Here is the list of eligibles for next year according to ESPN...Edgardo Alfonzo, Pedro Astacio, David Bell, Jeromy Burnitz, Vinny Castilla, Scott Erickson, Carl Everett, Jeff Fassero, Alex S. Gonzalez, Danny Graves, Rick Helling, Dustin Hermanson, Jose Hernandez, Brian Jordan, Matt Lawton, Javy Lopez, Bill Mueller, Terry Mulholland, Jeff Nelson, Phil Nevin, Brad Radke, Joe Randa, Tim Salmon, Ruben Sierra, Jose Vizcaino, Bernie Williams, Eric Young Not good. And I did find out that anyone who has played 10 years is eligible but there is some kind of vetting committee that decides who actually is on the ballot. So that makes it a bit more special. Although, how any vetting committee decided Bobby Higginson should appear on a HOF Ballot is beyond me.
For me, I am always in favor of voting for the maximum of 10 because that keeps more guys in the discussion and you don't have a situation where some borderline players (Lou Whitaker, Dwight Evans, and Will Clark for example) fall off the ballot after 1 year without enough discussion. As a Red Sox fan, it is a bit bizzarre to me that Jim Rice got all the attention but that Evans fell off the first year. Their stats are almost exactly the same (as were their mustaches).For me my ballot breaks down like this:The what the hell are they doing on the ballot section:33. Bobby Higginson32. Lenny Harris31. Kirk RueterThe great start to their career followed by a big flameout section:30. Charles Johnson29. Carlos Baerga28. Benito SantiagoThe solid for a long time section:27. B. J. Surhoff 26. Marquis Grissom25. Al Leiter 24. Tino Martinez23. John OlerudThe short period of dominance section:22. Bret Boone 21. Raǧl Mondes
Another great post!I totally agree that some of these guys have no business on the HOF ballot. I often wonder how some of these players who had decent careers but absolutely no HOF chance feel when the ballot comes out with zero votes for them. Is it really "just an honor to be nominated" then?In terms of my ballot, it does not differ from yours except for Murphy out, and Lee Smith in. Based on the relievers who are in now, I think a very strong case can be made for Mr. Smith.Also, I am dying to see what percentage Palmeiro gets. Could be the story of this year's ballot!
From what I understand, as long as you end up playing 10 consecutive seasons in MLB you are automatically nominated for the Hall of Fame. As for how much of an honor it is, I think back maybe four or five years ago when Jim Deshaies, a decent reliever who played mostly for the Astros, had an ERA just under 4 and a losing record (of like 40-43) and a wicked sense of humor got nominated he thought it was a hoot. Someone even went so far as to start the website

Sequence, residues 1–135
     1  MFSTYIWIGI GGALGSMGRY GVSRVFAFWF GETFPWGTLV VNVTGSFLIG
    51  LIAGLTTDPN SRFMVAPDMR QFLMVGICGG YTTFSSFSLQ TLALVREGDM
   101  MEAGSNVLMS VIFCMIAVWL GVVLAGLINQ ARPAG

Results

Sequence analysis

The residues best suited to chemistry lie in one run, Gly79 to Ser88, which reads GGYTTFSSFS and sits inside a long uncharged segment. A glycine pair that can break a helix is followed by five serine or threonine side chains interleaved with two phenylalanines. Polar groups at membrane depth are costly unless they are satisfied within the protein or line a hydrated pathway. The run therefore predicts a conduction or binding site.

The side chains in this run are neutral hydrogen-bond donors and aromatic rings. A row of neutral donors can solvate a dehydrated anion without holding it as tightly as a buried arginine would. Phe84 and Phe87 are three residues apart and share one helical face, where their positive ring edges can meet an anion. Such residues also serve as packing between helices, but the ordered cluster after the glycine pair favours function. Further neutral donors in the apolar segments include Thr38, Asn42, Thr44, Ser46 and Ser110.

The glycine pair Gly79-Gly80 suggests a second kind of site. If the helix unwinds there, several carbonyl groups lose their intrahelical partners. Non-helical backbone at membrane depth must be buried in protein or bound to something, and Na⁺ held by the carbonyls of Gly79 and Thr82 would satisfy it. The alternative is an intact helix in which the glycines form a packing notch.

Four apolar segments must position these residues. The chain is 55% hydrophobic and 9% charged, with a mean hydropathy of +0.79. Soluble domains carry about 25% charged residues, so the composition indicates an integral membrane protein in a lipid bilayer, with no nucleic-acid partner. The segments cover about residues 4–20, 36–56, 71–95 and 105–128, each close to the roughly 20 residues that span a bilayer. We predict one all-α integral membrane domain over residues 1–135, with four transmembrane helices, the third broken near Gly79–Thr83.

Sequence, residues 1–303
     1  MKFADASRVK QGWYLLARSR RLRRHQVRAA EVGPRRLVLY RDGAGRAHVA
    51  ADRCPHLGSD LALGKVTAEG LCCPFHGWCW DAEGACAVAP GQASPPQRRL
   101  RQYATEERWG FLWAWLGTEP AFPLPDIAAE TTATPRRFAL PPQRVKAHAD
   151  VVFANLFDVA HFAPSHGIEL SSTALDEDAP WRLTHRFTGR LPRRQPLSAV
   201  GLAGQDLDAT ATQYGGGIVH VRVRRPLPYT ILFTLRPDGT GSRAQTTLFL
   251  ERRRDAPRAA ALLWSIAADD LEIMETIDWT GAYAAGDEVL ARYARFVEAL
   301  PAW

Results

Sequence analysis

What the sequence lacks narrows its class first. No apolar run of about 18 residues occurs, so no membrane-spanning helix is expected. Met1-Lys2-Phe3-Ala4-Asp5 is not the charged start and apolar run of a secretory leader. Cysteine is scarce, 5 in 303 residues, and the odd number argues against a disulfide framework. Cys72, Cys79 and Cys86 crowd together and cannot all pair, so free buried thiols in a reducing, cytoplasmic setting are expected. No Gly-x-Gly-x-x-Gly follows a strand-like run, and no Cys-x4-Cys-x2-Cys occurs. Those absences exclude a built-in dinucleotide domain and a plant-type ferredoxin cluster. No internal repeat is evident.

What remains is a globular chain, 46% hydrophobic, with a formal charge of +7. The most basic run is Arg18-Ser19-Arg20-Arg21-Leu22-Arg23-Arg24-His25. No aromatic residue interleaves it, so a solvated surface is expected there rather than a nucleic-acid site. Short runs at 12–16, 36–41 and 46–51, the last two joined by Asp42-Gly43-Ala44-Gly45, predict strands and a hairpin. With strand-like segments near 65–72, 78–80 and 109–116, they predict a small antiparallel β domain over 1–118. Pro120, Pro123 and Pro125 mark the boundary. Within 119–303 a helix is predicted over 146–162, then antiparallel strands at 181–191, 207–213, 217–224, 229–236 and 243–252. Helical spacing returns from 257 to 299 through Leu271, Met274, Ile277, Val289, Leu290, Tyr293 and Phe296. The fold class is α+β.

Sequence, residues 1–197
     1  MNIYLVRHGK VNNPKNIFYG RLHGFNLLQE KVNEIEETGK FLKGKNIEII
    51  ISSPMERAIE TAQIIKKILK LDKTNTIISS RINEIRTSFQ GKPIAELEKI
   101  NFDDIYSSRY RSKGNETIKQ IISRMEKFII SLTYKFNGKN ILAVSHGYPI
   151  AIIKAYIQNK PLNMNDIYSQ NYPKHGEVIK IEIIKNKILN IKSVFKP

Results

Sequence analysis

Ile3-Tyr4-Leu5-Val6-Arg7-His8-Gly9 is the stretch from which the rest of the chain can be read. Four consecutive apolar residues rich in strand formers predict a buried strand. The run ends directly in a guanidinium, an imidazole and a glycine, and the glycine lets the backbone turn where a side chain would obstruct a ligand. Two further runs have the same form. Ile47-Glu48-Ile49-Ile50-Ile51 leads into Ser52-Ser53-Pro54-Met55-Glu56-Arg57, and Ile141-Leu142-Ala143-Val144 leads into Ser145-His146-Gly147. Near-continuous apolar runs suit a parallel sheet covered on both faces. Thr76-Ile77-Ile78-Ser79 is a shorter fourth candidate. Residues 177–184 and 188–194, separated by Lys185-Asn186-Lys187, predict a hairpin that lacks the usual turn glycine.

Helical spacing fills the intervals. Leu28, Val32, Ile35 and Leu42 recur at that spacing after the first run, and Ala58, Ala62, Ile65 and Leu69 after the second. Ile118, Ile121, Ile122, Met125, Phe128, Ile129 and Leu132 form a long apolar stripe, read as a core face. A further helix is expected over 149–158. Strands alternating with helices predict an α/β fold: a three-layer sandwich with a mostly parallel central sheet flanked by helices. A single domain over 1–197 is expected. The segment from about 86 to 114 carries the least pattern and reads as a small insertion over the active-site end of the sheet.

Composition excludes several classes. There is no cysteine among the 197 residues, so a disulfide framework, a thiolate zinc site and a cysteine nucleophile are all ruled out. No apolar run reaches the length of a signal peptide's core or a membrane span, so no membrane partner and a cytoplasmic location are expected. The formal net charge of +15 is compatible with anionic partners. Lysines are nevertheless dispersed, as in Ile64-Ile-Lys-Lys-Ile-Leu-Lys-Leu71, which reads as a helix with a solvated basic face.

and he ended up getting a vote from a Houston area voter who didn't want him to get 0 votes. (Deshaies also said that he was hoping that other people with the initials JD got nominated so they could reuse the site. J.D. Drew someday maybe? I mean he fits the criteria and has almost no shot). So I guess it depends on who you are. I'd be interested to see what Lenny Harris thinks. I mean, he was a starter for maybe three years and spent the vast majority of his career as a utilityman and then a pinch hitter when his speed went. I mean, he has to know he has no chance, but perhaps just getting your name on the list means that you are one of the Top 5% of baseball players anywhere and that is a reward in itself.
I totally forgot about Deshaies. He was that type of player whose humor always made me laugh and reminded me about why I loved baseball in the first place. JD Drew would be great for that site. I still remember all that hype around him when he atarted.You are right though, lasting ten years in the MLB is no small feat and at least there is some discernable "cut off" for nominations.
I have to concur with Spheniscus pretty much on all points, with a slight exception about Kevin Brown, who was better than where he ranks on that ballot. At his best, he was just a slight bit below the big four of the era, and as good as Glavine, Smoltz, Schilling and Mussina. Without the injury issues he had, and the stupid and overpublicized blowup in the Yankee dugout, he would get a lot more support than he does. I know too many diehard baseball fans who think Blyleven will fall short this year somehow. I don't see it, and it would be unprecendted considering where he has finished the last couple of years, but the number of folks who are resigned to him missing again kind of bothers me.
Knuckles, I agree with Kevin Brown, I was trying to fit him into that category more than anything. He isn't a Hall of Famer to me, but I can at least see the argument. I did pretty well in my predictions except that it was Juan Gonzalez being the 4th newbie to stay on the ballot rather than John Franco, which is a bit of a surprise. I think there were just too many guys and there is the 10 player limit so some guys just got dropped. With no one major being eligible next season, (I guess Bernie Williams, Ruben Sierra or Terry Mulholland would be the best candidates, yes it is that bad), Larkin looks like a shoo-in, since they want to elect someone every year (although he should get in anyway, clear HoF for me). But Bagwell and Morris may see a big jump next year to get them close.